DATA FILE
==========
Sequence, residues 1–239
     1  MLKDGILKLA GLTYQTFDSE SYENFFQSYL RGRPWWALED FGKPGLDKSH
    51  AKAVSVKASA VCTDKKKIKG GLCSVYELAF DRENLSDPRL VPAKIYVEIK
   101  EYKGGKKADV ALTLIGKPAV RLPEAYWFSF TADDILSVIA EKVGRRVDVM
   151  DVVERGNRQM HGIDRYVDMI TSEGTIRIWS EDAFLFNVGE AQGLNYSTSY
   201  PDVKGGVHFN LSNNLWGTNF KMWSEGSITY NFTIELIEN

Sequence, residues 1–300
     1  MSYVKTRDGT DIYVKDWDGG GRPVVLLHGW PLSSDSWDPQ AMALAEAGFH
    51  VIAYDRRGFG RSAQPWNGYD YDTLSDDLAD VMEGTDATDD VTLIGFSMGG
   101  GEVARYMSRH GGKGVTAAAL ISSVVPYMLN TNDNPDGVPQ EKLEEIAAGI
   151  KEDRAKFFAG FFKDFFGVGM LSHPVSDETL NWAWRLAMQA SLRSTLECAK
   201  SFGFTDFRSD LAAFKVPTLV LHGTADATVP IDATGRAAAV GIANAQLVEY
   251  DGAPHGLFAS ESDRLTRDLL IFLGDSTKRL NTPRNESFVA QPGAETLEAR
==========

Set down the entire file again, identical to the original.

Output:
Sequence, residues 1–239
     1  MLKDGILKLA GLTYQTFDSE SYENFFQSYL RGRPWWALED FGKPGLDKSH
    51  AKAVSVKASA VCTDKKKIKG GLCSVYELAF DRENLSDPRL VPAKIYVEIK
   101  EYKGGKKADV ALTLIGKPAV RLPEAYWFSF TADDILSVIA EKVGRRVDVM
   151  DVVERGNRQM HGIDRYVDMI TSEGTIRIWS EDAFLFNVGE AQGLNYSTSY
   201  PDVKGGVHFN LSNNLWGTNF KMWSEGSITY NFTIELIEN

Sequence, residues 1–300
     1  MSYVKTRDGT DIYVKDWDGG GRPVVLLHGW PLSSDSWDPQ AMALAEAGFH
    51  VIAYDRRGFG RSAQPWNGYD YDTLSDDLAD VMEGTDATDD VTLIGFSMGG
   101  GEVARYMSRH GGKGVTAAAL ISSVVPYMLN TNDNPDGVPQ EKLEEIAAGI
   151  KEDRAKFFAG FFKDFFGVGM LSHPVSDETL NWAWRLAMQA SLRSTLECAK
   201  SFGFTDFRSD LAAFKVPTLV LHGTADATVP IDATGRAAAV GIANAQLVEY
   251  DGAPHGLFAS ESDRLTRDLL IFLGDSTKRL NTPRNESFVA QPGAETLEAR